Can Redbox Compete Against Apple and Google?

Ok here we go again with Redbox. Can Redbox Compete Against Apple and Google? After failing miserably to make a space for itself in a field that included Netflix, Amazon Video and Hulu Redbox now plans to take on transactional giants like iTunes, Google Play and once again Amazon. Also in the space are Vudu and Cinema Now. We won’t even bother to recall every single service that tried to get into the on-demand streaming space and also failed but we feel we should mention Target Ticket because it failed, even though it was a service backed with a highly recognizable brand and retail arm.

Redbox has released precious few details about how its service would work if it deems the limited test a success. But unless it is willing to offer something revolutionary the chances that it will stand out are small. A Redbox spokesperson told Variety’s Janko Roettgers via email that the service would complement its existing kiosk service. There is something about the term complement that tells me that the service will not be robust.

Why launch a streaming option at this point? Redbox parent company Outerwall may not be making as much money as it would like. There was an 11% drop in net revenue for the company which also maintains the popular coin exchange machines we all see at grocery stores. It may not be a rousing success but if the service ends up helping ballance the books it does not need to rise to the top of the heep.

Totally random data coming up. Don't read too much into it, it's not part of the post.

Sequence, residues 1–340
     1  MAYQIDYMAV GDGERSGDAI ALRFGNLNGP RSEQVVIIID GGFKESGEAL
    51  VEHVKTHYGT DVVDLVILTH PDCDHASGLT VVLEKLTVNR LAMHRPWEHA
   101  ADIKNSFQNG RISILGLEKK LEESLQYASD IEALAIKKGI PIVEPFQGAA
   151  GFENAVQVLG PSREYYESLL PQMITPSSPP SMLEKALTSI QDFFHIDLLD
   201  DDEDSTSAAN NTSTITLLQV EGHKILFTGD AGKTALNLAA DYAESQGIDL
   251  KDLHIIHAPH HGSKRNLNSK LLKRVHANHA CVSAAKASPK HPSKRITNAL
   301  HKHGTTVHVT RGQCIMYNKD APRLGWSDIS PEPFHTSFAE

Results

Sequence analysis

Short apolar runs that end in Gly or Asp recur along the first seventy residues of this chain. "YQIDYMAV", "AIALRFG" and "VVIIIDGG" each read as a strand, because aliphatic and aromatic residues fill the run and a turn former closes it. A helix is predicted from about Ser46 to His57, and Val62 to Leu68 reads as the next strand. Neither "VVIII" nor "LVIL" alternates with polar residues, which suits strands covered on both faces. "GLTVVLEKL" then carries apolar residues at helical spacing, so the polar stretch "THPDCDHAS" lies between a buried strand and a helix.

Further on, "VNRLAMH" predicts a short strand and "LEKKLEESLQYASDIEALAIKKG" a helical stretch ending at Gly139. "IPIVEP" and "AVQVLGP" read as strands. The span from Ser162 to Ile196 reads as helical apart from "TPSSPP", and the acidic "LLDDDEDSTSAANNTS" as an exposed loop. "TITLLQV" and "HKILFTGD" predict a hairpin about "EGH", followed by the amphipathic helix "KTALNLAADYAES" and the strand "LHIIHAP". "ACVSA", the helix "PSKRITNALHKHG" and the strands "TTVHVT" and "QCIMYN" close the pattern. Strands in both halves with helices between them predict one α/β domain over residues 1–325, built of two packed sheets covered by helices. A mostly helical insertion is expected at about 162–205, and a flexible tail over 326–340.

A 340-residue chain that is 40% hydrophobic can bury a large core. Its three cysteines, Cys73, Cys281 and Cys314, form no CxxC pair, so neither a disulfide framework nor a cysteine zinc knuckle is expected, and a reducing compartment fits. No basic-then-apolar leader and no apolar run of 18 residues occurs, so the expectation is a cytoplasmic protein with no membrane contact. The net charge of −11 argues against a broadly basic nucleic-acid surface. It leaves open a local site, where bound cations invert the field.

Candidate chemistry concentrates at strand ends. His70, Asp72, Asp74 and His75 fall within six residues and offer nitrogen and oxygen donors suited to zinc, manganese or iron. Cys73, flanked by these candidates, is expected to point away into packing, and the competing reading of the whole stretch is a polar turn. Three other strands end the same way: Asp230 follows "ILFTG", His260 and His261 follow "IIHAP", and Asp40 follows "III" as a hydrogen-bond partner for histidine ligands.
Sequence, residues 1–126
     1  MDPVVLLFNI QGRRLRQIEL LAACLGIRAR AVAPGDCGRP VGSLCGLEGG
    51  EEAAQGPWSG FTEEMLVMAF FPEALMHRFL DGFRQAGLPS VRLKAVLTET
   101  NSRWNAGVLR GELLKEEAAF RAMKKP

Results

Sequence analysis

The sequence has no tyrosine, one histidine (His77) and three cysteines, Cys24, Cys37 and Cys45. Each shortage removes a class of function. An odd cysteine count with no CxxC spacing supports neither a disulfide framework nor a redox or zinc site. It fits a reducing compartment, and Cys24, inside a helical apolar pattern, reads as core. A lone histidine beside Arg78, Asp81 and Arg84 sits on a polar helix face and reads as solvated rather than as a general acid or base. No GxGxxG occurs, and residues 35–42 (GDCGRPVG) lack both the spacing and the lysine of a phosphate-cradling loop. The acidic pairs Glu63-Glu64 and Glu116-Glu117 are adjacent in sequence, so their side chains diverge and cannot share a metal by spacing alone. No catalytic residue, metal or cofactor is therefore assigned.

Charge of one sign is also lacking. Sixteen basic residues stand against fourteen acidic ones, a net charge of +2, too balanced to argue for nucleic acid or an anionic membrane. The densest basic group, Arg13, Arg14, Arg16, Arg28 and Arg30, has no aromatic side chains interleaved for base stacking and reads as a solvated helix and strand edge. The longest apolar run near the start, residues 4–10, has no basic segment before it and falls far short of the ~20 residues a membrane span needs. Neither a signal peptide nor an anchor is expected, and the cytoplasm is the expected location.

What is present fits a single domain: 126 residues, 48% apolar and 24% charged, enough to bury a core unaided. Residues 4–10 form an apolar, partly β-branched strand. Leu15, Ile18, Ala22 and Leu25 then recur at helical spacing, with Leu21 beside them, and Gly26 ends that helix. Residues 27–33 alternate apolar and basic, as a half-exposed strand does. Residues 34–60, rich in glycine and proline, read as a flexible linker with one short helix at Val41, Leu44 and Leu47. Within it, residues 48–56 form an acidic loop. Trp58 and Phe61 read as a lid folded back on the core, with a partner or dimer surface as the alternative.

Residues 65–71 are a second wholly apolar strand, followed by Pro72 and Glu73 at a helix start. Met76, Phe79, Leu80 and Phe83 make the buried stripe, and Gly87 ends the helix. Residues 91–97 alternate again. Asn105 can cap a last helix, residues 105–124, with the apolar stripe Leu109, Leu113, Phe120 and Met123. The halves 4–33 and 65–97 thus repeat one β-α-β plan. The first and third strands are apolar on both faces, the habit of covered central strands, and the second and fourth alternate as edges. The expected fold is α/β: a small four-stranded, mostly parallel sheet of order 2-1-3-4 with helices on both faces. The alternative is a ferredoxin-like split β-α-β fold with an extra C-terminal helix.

Redbox would do good to package streaming with other credits that it offers. My family uses the Redbox Kiosks regularly. Like a lot of folks in this country Friday is Frozen pizza and movie night for my wife and daughter. And often that movie comes from Redbox, especially when there is a long-awaited new release. Every few weeks we get credits towards rentals or get a pop up like get a second movie half off etc. If Redbox were to use such loyalty points towards streaming purchases it could actually prove quite succsesful. The market for on-demand movie purchases in home seems to be set at about $5.00 vs the $l.50-$2.00 prices that Redbox kiosk customers pay. But lets say Redbox allows people to take 2 dollars off a digital rental lowering the cost of the rental to 2.50 with the convieniance of staying home. That could be a big winner in housholds like mine. I think it would be a big winner overall especially for people who already use the kiosks.

See Outerwall first quarter  earnings report here.